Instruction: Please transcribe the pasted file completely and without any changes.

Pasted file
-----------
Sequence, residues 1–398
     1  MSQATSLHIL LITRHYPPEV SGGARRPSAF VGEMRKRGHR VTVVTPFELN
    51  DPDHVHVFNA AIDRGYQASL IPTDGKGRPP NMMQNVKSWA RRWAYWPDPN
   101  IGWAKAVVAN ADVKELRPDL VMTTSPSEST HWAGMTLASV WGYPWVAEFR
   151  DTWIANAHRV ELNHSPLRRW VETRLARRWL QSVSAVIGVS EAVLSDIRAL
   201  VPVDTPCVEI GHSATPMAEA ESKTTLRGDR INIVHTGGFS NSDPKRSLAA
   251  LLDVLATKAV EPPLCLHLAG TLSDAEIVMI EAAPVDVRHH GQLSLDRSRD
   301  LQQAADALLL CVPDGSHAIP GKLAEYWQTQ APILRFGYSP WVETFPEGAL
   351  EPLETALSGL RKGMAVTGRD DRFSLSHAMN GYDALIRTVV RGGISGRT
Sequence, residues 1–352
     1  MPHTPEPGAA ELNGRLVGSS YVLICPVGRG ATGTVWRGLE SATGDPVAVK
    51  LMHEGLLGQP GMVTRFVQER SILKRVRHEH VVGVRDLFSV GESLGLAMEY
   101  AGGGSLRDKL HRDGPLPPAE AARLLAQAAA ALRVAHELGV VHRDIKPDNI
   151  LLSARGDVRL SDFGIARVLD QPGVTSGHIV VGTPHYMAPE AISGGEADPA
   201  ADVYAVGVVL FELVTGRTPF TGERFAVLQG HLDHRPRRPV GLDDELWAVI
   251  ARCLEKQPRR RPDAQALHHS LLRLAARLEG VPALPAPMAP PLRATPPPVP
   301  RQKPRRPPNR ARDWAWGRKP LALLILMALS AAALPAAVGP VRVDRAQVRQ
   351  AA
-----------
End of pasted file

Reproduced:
Sequence, residues 1–398
     1  MSQATSLHIL LITRHYPPEV SGGARRPSAF VGEMRKRGHR VTVVTPFELN
    51  DPDHVHVFNA AIDRGYQASL IPTDGKGRPP NMMQNVKSWA RRWAYWPDPN
   101  IGWAKAVVAN ADVKELRPDL VMTTSPSEST HWAGMTLASV WGYPWVAEFR
   151  DTWIANAHRV ELNHSPLRRW VETRLARRWL QSVSAVIGVS EAVLSDIRAL
   201  VPVDTPCVEI GHSATPMAEA ESKTTLRGDR INIVHTGGFS NSDPKRSLAA
   251  LLDVLATKAV EPPLCLHLAG TLSDAEIVMI EAAPVDVRHH GQLSLDRSRD
   301  LQQAADALLL CVPDGSHAIP GKLAEYWQTQ APILRFGYSP WVETFPEGAL
   351  EPLETALSGL RKGMAVTGRD DRFSLSHAMN GYDALIRTVV RGGISGRT
Sequence, residues 1–352
     1  MPHTPEPGAA ELNGRLVGSS YVLICPVGRG ATGTVWRGLE SATGDPVAVK
    51  LMHEGLLGQP GMVTRFVQER SILKRVRHEH VVGVRDLFSV GESLGLAMEY
   101  AGGGSLRDKL HRDGPLPPAE AARLLAQAAA ALRVAHELGV VHRDIKPDNI
   151  LLSARGDVRL SDFGIARVLD QPGVTSGHIV VGTPHYMAPE AISGGEADPA
   201  ADVYAVGVVL FELVTGRTPF TGERFAVLQG HLDHRPRRPV GLDDELWAVI
   251  ARCLEKQPRR RPDAQALHHS LLRLAARLEG VPALPAPMAP PLRATPPPVP
   301  RQKPRRPPNR ARDWAWGRKP LALLILMALS AAALPAAVGP VRVDRAQVRQ
   351  AA